Egyptians appeared to be shunning the ballot box for a second day on Monday in what one newspaper called "an election without voters", highlighting growing disillusionment since the army seized power in 2013 and promised to restore democracy.
Voting got off to a slow start, a day after polling stations visited by Reuters correspondents pointed to a turnout of around 10 percent in sharp contrast to the long lines and enthusiasm in the 2012 election.
Egyptian Prime Minister Sherif Ismail said on Monday that turnout on the first day of voting was 15 to 16 percent.
State news agency MENA quoted Ismail as saying turnout was expected to be higher on Monday after the government gave public sector workers half a day off to encourage them to cast their ballots.
Younger Egyptians who make up the majority of the population were virtually absent, with many people dismissing it as a sham or expressing doubt that new lawmakers would change anything.
Coming a day after President Abdel Fattah al-Sisi urged Egyptians to cast their ballots, the low turnout suggested the former general, who once enjoyed cult-like adulation, was losing some of his appeal.
In 2013, then-army chief Sisi overthrew Egypt's first freely-elected president, the Muslim Brotherhood's Mohammad Morsi, and promised a "roadmap to democracy".
He then launched the fiercest crackdown on dissent in Egypt's modern history, jailing thousands of Mursi's supporters as well as activists at the forefront of the 2011 revolt.
Last year's presidential election was extended for a third day in order to boost turnout, with pro-government media pushing Egyptians to show up. Sisi won 97 percent of votes.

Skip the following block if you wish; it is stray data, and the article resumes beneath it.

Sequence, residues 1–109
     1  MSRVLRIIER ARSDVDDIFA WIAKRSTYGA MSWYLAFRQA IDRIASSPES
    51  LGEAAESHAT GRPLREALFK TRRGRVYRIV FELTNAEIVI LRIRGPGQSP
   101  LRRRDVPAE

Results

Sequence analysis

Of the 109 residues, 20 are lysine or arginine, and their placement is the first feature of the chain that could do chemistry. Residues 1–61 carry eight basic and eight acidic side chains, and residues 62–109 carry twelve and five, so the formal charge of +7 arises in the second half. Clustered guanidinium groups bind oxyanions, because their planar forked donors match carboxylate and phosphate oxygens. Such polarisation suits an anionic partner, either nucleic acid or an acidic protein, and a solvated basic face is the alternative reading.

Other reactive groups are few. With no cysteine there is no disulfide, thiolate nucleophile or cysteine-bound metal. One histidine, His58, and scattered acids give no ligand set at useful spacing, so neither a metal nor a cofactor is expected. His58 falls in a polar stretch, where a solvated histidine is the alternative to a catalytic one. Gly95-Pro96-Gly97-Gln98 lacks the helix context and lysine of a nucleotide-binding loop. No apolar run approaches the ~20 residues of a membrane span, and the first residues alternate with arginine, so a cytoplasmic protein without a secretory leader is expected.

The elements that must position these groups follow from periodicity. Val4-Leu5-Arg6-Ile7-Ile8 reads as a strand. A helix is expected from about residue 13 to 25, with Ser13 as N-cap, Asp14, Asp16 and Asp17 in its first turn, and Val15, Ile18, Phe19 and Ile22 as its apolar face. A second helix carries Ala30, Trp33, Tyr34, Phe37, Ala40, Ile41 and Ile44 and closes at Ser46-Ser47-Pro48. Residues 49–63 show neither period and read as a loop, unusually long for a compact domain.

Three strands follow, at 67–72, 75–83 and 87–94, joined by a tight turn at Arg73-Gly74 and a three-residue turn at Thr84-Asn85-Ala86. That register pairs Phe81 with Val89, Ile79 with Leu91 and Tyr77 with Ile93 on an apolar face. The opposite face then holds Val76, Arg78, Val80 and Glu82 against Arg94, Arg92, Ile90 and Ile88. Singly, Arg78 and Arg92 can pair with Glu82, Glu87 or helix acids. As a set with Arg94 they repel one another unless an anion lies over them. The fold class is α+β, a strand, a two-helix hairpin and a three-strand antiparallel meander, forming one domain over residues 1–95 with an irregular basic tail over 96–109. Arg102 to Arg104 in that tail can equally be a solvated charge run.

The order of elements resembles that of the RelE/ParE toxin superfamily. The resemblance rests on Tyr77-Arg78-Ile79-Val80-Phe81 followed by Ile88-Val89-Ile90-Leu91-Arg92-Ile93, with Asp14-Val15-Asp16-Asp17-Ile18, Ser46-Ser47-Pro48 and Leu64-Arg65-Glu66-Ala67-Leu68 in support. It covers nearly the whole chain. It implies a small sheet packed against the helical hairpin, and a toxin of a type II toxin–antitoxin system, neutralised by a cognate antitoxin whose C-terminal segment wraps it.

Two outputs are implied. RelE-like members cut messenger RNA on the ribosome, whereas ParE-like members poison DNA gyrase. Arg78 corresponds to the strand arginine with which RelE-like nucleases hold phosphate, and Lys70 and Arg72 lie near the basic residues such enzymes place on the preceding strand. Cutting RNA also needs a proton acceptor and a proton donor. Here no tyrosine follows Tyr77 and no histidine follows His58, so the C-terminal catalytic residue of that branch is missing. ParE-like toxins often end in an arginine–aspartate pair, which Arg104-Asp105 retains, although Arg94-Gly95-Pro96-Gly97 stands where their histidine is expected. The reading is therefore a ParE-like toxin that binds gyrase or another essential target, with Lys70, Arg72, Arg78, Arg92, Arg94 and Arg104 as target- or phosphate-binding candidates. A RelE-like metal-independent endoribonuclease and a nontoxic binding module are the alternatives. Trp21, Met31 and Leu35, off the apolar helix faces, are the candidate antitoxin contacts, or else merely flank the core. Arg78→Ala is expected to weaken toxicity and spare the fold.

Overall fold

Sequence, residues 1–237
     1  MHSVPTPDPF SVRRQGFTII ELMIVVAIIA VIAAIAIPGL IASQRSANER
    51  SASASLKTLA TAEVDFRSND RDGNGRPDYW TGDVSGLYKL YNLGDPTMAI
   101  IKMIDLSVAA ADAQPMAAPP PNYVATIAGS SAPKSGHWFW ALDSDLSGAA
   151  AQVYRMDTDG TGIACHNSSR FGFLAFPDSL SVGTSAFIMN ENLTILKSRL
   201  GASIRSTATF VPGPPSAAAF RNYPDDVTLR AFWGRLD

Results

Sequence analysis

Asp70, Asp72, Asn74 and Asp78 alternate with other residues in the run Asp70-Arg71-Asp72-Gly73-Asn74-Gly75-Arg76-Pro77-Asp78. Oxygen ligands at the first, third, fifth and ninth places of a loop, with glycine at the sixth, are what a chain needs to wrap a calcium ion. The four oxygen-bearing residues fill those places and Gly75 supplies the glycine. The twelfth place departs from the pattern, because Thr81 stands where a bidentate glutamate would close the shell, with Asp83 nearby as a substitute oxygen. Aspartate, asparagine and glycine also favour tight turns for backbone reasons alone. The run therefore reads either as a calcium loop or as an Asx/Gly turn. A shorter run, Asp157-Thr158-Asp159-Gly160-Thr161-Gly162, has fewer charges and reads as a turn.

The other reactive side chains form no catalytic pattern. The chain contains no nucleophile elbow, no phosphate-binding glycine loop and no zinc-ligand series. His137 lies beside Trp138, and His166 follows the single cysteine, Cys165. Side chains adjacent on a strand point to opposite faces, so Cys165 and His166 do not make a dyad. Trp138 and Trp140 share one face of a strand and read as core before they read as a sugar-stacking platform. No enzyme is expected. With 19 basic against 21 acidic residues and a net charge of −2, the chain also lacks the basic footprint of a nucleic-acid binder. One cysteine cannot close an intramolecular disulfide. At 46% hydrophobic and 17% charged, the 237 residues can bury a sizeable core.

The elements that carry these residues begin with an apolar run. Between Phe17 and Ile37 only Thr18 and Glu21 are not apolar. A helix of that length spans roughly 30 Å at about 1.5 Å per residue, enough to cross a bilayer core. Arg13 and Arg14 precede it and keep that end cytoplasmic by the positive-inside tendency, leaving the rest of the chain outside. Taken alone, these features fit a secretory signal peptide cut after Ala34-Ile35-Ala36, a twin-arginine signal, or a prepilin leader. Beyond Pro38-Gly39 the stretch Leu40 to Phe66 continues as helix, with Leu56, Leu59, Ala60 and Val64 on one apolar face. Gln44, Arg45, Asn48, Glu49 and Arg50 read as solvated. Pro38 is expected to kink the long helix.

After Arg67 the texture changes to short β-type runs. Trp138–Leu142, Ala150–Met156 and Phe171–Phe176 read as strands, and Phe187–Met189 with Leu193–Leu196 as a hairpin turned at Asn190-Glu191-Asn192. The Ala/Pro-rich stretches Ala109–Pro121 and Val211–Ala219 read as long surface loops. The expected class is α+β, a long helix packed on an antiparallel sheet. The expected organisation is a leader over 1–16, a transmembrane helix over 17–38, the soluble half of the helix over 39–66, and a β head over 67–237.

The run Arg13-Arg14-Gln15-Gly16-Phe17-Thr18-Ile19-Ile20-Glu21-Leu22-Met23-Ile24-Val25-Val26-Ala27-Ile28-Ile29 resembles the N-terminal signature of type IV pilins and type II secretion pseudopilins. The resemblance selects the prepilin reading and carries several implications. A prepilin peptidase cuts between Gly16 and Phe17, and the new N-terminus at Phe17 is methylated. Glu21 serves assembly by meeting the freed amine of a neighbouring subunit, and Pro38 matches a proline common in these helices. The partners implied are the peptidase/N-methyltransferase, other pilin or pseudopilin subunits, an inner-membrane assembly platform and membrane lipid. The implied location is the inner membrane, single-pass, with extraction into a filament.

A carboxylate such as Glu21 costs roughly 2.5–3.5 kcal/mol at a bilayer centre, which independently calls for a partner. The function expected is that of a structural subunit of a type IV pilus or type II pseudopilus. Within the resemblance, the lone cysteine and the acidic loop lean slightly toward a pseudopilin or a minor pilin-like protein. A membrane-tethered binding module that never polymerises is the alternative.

This time, even Egypt's largely loyalist press focused on the lack of interest in the polls. Analysts say Sisi may try to spin the apathy to his favour by arguing that Egyptians place far more faith in the presidency.
"An election without voters," said a front page headline in the business daily Al-Mal. "Elections without queues," read a headline in Al Shorouk.
Even the pro-government Al Ahram zeroed in on the absence of young people at the ballot box.
In an apparent attempt to encourage voting, public sector workers will receive a half day holiday on Monday.
"We don't know anything about these candidates so I'm not going to give my vote to someone who doesn't deserve it," Michael Bassili, 19, from Alexandria.
"As youth we're trying to fix the country and we'll work to do this...but these guys are just interested in money and themselves."
Egypt has had no parliament since June 2012 when a court dissolved the democratically elected main chamber, then dominated by the Muslim Brotherhood, reversing a key accomplishment of the 2011 uprising that toppled Hosni Mubarak.
Repeatedly postponed, Egypt's elections are now taking place over two rounds on Oct 18-19 and Nov 22-23. This week, voters cast their ballots in 14 regions including Egypt's second city of Alexandria on the Mediterranean coast.
Of the 568 elected seats overall, 120 will be contested by closed winner-takes-all lists. But even these are expected to be dominated by loyalists.
Critics say an electoral system that puts the emphasis on individuals is a throwback to Mubarak-era politics, which favoured candidates with wealth and connections.
"For the Love of Egypt", an alliance of loyalist parties and politicians, is contesting all list seats and is expected to dominate.
The Islamist Nour Party, which came second in the last election, will take part. However, it has lost much support among Islamists since endorsing Mursi's overthrow.
An alliance of socialist opposition parties that had been due to contest eventually pulled out.
But even some who voted for Sisi last year are not planning to cast a ballot this time.
"There is security since Sisi took power and that's good but its not just about security. A lot of things need to change, the economy, tourism, the high prices in the country," said Ahmed, a 35-year-old father of three.
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